Leah Penniman is a farmer, educator, soil steward and food justice activist. She is co-director and program manager of Soul Fire Farm in Grafton, New York, and the author of Farming While Black: Soul Fire Farm’s Practical Guide to Liberation on the Land.


RURAL ENERGY FOR AMERICA PROGRAM (REAP)

The Rural Energy for America Program provides guaranteed loan financing and grant funding to agricultural producers and rural small businesses to purchase or install renewable energy systems or make energy efficiency improvements.

Program Status: Open
Program Information
Program Fact Sheet
Hoja Informativa del Programa en Español

NEW REPORT

ENVIRONMENT AMERICA

Environment America releases 2020 state legislative agenda priorities, News Release
State affiliates of Environment America, a national nonpartisan advocacy group, delivered meaningful progress on several environmental and public health issues in 2019. But given the obstacles that still exist at the federal level on those issues and more, states will have to continue to lead in 2020. Here is a roundup of the top issues and bills that Environment America’s 29 state affiliates will be working on across the country this coming year:

ELECTRIC VEHICLES

2020 will be a key year (and decade) for electric vehicles, GreenBiz
This article is adapted from GreenBiz’s weekly newsletter, Transport Weekly, running Tuesdays. Subscribe here.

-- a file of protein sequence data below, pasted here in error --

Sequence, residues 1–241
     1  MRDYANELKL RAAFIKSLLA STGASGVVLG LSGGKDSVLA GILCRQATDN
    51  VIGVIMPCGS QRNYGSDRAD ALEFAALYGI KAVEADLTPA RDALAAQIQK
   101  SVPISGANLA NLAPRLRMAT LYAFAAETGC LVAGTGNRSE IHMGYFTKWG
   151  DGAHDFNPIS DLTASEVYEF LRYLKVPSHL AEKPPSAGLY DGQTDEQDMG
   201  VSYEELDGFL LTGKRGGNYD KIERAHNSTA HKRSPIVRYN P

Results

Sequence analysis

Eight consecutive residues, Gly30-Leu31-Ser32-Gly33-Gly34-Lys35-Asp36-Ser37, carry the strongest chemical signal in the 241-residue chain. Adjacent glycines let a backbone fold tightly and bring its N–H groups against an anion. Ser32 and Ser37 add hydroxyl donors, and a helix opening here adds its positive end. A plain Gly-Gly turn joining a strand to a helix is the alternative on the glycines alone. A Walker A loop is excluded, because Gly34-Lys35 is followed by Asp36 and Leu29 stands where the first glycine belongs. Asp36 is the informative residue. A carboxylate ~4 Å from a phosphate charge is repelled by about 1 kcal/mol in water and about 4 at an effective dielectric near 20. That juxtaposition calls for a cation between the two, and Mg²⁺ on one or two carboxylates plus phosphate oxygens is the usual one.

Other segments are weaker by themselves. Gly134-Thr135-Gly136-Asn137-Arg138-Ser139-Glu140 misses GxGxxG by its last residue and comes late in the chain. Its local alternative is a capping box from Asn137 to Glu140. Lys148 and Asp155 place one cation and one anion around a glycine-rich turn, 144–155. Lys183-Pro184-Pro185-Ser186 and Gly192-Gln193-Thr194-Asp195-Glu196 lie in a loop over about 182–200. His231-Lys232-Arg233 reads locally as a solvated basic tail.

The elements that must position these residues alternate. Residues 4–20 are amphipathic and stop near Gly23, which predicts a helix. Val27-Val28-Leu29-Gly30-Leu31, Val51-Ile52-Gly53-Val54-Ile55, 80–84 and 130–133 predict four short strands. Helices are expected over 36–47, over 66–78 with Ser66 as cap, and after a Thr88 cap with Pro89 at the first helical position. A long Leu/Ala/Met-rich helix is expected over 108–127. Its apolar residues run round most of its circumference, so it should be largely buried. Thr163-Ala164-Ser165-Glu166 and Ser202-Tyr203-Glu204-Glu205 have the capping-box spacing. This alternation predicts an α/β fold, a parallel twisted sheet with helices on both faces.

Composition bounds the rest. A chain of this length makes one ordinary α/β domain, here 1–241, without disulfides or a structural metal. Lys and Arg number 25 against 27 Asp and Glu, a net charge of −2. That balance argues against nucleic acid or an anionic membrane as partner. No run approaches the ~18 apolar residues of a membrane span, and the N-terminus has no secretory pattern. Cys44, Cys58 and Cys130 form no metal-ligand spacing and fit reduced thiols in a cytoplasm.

ADDITIONAL RECOMMENDED READING

Illinois Clean Energy Jobs Act will improve the state’s economic climate

By Christine Hicks, Environmental Defense Fund

A recent study developed by The Accelerate Group measured the economic impact of CEJA and found the answer — it’s tens of billions of dollars. The new economic impact report released by the Illinois Clean Jobs Coalition shines a light on just how much CEJA would contribute to the state’s economy. Here’s the bottom line: the legislation, if enacted, would result in $39 billion in new private investment in Illinois through 2030. Read more here. 

ALSO IN THE NEWS

UPCOMING WEBINAR

Solar Plus Storage as Resiliency: Friday, December 13, 9 to 9:45 a.m. 
As part of Michigan Energy Options’ Winter Solar Webinar Series, Seth Mullendore, Vice President and Project Director for Clean Energy Group, will discuss how solar PV with battery storage can create resiliency in communities and replace traditional power plants with clean technologies. 

Register here.

NEW STUDY

Biased capacity markets accelerating gas over solar, storage, PV Magazine
Regional markets for energy capacity favor new gas generation over solar and storage, at a high cost to consumers. Eight U.S. Senators have taken notice, while a new report marshals the evidence. The Grid Strategies report, titled Too much of the wrong thing: the need for capacity market replacement or reform, was written by Rob Gramlich and Michael Goggin. The Sustainable FERC Project, which commissioned the report, is a partnership among 24 citizens’ groups.

WOMEN IN AG LEADERSHIP CONFERENCE

Generations of leadership is focus of Women in Ag Leadership Conference, LeMars Daily Sentinel